Sci-Fi Heroine: Beware the masquerading microbe

On Saturday night, Weber State students donned masks, dresses and suits for the annual homecoming dance, but students aren’t the only ones masquerading around in the dark. Another organism has been parading around like harmless fungi, but has caused severe crop destruction of economic proportions, as well as loss of life in mammals across the world.

In April 2012 in Texas, a 14-year-old girl was admitted to the hospital with a growth on her leg which appeared after a swim in a stagnant, algae-covered pond. Professionals gave her antibiotics and antifungal treatment, but to no avail. The growth persisted until it covered her entire leg. The growth caused inflammation and muscle necrosis (death of the tissue) in her leg. In order to save her life, health care professionals had to amputate her leg. She was released from the hospital 10 days later with no further signs of infection.

The name of this masquerading microbe is Pythium insidiosum. Cases of human infection have been reported in Australia, New Zealand, Thailand, Brazil, Malaysia, Haiti and the United States. However, 80 percent of the cases since 2010 have been reported in Thailand. Although this microbe prefers tropical climates, wet environments or stagnant waters, there have been reports of this microbe being seen in mosquito larvae, which means it may be mosquito-borne.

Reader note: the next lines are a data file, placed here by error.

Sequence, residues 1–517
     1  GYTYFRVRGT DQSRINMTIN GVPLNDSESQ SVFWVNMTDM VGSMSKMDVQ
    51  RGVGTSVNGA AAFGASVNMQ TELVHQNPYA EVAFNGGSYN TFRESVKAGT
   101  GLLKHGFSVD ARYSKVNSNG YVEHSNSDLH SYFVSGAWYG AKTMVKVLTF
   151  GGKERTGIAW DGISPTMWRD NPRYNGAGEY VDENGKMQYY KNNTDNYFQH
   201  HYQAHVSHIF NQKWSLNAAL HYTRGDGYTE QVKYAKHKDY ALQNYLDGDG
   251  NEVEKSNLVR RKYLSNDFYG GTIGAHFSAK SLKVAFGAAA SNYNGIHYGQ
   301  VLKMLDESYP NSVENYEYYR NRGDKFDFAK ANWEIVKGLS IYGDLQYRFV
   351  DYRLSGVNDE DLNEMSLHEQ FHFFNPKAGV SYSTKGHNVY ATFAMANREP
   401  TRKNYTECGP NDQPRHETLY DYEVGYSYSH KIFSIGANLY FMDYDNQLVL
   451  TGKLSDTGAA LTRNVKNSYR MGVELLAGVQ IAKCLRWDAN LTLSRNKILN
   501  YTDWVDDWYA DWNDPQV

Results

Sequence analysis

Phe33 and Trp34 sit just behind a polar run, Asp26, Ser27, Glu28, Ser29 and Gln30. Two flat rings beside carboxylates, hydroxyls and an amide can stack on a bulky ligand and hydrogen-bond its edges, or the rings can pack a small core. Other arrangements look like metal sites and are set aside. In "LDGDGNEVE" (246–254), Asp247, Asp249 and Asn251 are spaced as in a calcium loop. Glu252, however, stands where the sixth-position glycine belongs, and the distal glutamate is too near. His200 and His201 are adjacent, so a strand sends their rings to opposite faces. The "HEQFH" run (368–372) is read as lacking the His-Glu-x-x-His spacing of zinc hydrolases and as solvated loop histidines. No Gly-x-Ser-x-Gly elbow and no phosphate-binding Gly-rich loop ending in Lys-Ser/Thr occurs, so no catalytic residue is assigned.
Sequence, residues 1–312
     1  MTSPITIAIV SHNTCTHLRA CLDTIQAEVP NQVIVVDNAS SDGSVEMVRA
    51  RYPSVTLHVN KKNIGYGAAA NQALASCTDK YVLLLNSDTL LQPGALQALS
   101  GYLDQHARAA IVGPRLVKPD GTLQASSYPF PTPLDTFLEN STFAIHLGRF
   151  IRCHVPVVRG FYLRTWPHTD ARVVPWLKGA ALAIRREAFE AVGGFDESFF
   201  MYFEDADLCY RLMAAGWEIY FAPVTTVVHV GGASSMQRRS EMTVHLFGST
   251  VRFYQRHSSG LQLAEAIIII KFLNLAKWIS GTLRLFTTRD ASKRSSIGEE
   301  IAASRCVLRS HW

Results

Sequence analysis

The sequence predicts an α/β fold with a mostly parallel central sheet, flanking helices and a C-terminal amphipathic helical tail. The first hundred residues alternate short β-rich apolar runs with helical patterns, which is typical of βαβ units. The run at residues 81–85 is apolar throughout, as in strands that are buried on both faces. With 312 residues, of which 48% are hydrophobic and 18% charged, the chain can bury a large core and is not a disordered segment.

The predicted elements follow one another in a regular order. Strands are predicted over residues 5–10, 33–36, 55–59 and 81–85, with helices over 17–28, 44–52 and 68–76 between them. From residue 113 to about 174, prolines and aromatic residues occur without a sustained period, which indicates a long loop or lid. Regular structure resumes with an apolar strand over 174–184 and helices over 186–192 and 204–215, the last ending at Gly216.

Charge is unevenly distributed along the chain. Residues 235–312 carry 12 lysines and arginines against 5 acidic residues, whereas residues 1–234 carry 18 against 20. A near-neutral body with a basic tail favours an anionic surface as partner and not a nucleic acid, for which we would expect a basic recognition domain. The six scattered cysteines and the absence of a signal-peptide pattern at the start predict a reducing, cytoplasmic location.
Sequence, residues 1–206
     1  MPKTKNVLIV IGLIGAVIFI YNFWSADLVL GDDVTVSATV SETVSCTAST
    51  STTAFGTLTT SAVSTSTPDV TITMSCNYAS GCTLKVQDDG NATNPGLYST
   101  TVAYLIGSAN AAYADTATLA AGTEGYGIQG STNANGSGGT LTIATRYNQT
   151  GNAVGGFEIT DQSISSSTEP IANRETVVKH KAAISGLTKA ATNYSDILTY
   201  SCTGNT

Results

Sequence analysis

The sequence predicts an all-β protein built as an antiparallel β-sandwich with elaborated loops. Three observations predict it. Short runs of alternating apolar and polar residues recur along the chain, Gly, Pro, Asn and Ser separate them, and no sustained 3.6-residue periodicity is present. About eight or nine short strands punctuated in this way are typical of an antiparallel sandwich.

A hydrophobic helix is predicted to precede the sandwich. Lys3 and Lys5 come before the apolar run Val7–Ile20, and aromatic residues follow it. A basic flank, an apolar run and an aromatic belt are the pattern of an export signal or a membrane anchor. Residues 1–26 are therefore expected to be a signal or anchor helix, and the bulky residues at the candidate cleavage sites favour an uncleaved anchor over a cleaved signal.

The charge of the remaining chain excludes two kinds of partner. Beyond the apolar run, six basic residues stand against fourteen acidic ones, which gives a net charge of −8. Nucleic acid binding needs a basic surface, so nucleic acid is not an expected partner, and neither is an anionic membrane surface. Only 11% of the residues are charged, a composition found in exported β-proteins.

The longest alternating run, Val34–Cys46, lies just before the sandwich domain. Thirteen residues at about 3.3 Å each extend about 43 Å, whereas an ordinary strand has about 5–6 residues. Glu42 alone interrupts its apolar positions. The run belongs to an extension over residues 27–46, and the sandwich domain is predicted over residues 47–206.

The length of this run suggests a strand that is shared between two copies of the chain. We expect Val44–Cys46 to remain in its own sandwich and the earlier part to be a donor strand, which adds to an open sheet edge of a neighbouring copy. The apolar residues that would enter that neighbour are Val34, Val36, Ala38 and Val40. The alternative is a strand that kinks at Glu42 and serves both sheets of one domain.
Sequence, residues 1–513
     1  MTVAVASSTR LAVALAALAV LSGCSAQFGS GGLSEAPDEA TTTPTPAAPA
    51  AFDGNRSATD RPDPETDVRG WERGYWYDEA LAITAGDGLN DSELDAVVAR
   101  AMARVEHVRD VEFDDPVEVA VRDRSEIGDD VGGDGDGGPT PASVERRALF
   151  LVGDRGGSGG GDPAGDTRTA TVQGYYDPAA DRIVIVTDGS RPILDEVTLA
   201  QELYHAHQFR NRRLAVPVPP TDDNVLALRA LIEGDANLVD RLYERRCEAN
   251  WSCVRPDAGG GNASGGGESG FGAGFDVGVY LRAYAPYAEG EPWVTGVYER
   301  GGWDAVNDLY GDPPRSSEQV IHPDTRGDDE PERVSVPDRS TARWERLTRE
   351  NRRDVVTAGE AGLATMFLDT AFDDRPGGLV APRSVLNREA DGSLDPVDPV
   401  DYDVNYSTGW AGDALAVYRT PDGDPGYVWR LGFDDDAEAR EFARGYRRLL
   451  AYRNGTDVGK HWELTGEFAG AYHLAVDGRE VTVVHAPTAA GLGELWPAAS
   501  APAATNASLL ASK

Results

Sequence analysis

Infection in humans and other mammals usually occur in the eyes, skin or circulatory system with a mortality rate of 29 percent (reported in 2011). Doctors’ familiarity with Pythium insidiosum is limited because of its rarity, most mistaking this masquerading microbe as a fungal infection. Misdiagnoses of this pathogen is the reason for the higher mortality rate, and its similarities to fungal pathogens is the reason for misdiagnoses.

The treatment of infection usually involves removal of all tissue and limbs. There have been recent developments in the treatment of immunotherapy, but results vary. If you happen to dive into any questionable bodies of water or go meandering through wet environments and notice any lesions growing on your skin, you may want to make a quick trip to the emergency room.

The results of contracting this microbe are rare, with no documented evidence that the infection has spread from human to animal or vice versa. Think twice before you go playing around stagnant pools in the tropical and subtropical areas of the United States without your mosquito repellant, and you should be able to avoid any infection of this masked microbe.

If you haven’t noticed any abnormal growths, you are safe to enjoy all the exciting events Homecoming Week has to offer. Just keep the bug spray handy.